Illustration 1: Gate Dimensions

So science aside, installing a gate that blocked over 30% of a high traffic thoroughfare was clearly a bad idea, not to mention that it violated numerous design codes. The gate and the fences that are attached to each of its sides also posed a series safety hazard because drivers who were unaware of the obstruction might plow directly into the fence, while still others who miscalculated the gate’s clearance could potentially scrape the posts supporting the gate.

On the day of the science fair, I approached the school principal and inquired about the origin of the gate. I explained that it appears that someone had either made a design or installation error because the gate’s posts should have been placed on the sidewalk curbs, off the driveway. The rationale for this being that when the gate was completely open it would allow for unrestricted traffic. The principal told me that the decision to construct the gate preceded her time in office and it had been influenced by the homeowners just down the street who complained that the traffic had become a nuisance. To reduce the traffic in order to appease the homeowners, the school agreed to install the gate as built.

Not satisfied with this explanation, I proceeded to point out the hazards posed by the gate as it stands and began to enumerate various doomsday scenarios. The principal’s otherwise cheerful demeanor suddenly darkened and after a quick and nervous glance at her watch she said that it was unfortunate that our meeting had to end so abruptly, but that she had to run to an important conference.

On the way home, our daughter who had been standing by me during the entire conversation with the principal asked me if, now that we’ve provided a scientific explanation for the formation of the bottle neck, the school would fix the problem. I thought about it for few minutes and said, “Probably not.”  She asked “why?”, I said that unfortunately, sometimes in the short term, politics can trump science. She was visibly disappointed and said that she worked so hard on this project and it all turned out to be a complete waste of our time. I told her that even though we didn’t win, we still conducted a great experiment and independently discovered and solved an interesting puzzle. And by way of analogy, I told her about the Galileo affair and how despite his mistreatment by the inquisition, in the end, his theories eventually won acceptance.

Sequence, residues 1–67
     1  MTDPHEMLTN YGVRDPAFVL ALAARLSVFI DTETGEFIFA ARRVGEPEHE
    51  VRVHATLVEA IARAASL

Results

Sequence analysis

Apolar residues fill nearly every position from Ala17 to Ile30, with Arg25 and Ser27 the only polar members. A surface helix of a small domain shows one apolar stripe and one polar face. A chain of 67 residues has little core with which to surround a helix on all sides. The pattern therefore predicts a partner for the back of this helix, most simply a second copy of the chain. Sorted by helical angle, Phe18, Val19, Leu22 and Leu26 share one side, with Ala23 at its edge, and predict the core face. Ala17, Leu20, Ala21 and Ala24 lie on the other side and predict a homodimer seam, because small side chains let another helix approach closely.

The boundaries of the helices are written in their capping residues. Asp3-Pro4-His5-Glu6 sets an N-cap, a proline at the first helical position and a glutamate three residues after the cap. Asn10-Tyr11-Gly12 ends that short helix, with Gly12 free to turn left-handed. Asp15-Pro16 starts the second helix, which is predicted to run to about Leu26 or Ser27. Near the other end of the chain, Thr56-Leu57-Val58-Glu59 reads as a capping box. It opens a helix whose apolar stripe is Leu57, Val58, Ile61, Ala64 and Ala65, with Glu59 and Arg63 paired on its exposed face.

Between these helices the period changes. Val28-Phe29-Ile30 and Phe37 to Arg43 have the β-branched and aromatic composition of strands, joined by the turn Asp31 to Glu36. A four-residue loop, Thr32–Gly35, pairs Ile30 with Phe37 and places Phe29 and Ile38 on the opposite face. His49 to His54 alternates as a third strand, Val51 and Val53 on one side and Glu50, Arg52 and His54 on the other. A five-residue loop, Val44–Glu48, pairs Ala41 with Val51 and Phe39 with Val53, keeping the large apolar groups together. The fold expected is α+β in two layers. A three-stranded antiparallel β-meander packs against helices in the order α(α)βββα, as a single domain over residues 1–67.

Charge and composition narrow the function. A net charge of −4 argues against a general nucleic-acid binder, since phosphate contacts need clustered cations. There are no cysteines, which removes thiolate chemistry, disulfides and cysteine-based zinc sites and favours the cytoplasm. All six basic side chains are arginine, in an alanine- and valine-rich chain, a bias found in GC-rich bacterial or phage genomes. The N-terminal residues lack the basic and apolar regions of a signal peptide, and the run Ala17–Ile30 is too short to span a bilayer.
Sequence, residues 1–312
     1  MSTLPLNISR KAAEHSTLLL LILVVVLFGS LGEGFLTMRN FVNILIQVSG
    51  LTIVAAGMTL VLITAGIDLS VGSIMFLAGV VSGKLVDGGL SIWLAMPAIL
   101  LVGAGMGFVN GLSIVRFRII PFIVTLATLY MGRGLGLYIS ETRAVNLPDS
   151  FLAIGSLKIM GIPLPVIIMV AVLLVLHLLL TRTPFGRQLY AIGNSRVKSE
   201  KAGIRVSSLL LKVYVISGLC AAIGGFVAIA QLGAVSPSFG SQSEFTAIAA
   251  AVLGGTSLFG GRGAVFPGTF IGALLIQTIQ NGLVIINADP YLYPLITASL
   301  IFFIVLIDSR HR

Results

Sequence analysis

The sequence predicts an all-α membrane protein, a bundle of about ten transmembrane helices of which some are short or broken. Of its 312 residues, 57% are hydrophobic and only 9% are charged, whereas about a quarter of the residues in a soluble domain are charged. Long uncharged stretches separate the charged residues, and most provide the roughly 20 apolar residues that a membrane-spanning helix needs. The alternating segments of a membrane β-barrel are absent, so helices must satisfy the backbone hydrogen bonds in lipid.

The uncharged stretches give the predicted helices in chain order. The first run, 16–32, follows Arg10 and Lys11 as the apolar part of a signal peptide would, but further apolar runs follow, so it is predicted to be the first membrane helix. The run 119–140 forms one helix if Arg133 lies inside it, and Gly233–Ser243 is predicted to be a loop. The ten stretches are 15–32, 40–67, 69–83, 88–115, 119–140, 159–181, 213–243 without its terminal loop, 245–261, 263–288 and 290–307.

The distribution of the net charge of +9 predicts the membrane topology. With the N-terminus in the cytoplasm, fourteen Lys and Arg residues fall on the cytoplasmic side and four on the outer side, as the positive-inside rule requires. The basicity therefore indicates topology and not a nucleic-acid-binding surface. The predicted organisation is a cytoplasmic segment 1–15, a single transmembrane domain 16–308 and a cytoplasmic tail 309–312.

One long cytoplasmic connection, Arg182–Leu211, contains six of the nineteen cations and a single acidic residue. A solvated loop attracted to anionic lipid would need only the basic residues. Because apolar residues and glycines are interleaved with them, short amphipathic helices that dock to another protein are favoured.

A few days after the science experiment, my wife, while waiting to pickup our daughter from school, struck up conversation with another parent who seemed to be visibly upset. “Why the long face?” she asked. “Well,” said our neighbor, “while driving into the school parking lot, I was being polite and made extra room for the car approaching me, but I miscalculated the width of the opening and scraped the side of my van against the gate post.” She had carved a deep gauge in right hand side of her van from wheel rim to wheel rim.

That evening during dinner, my wife recounted the story of the accident. My daughter at first thought that my wife was making the whole thing up, but after hearing that it was the mother of one of her classmates, she asked for permission to call her friend to verify the facts. When she got back to the dinner table, she had a look of disbelief on her face. “That’s exactly what we told the principle could happen!” she said. “We sure did,” I said.

She remained silent for few seconds and then I noticed a twinkle in her eyes.

© Copyright 2009 Yaacov Apelbaum All Rights Reserved.

Bells and Whistles

Bells and Whistles

Several weeks ago, my car’s dashboard informed me that I would need to “check the engine”. Naturally, I promptly brought the car to the dealership. After a quick examination (and $170 in troubleshooting fees), the dealer told me that there was nothing physically wrong with the car and that the message was due to a software bug that was easily fixable with a software patch that he would be happy to apply for as little as an additional $120.

Now, I don’t know much about the latest trends of engine design, but I am quite familiar with software bugs. Over the years I have produced several of them myself and like many other software engineers, I spend a certain amount of my waking and sleeping hours chasing them around. But contrary to my trusted dealer, I fix my bugs—to delight of my customers—at no extra charge.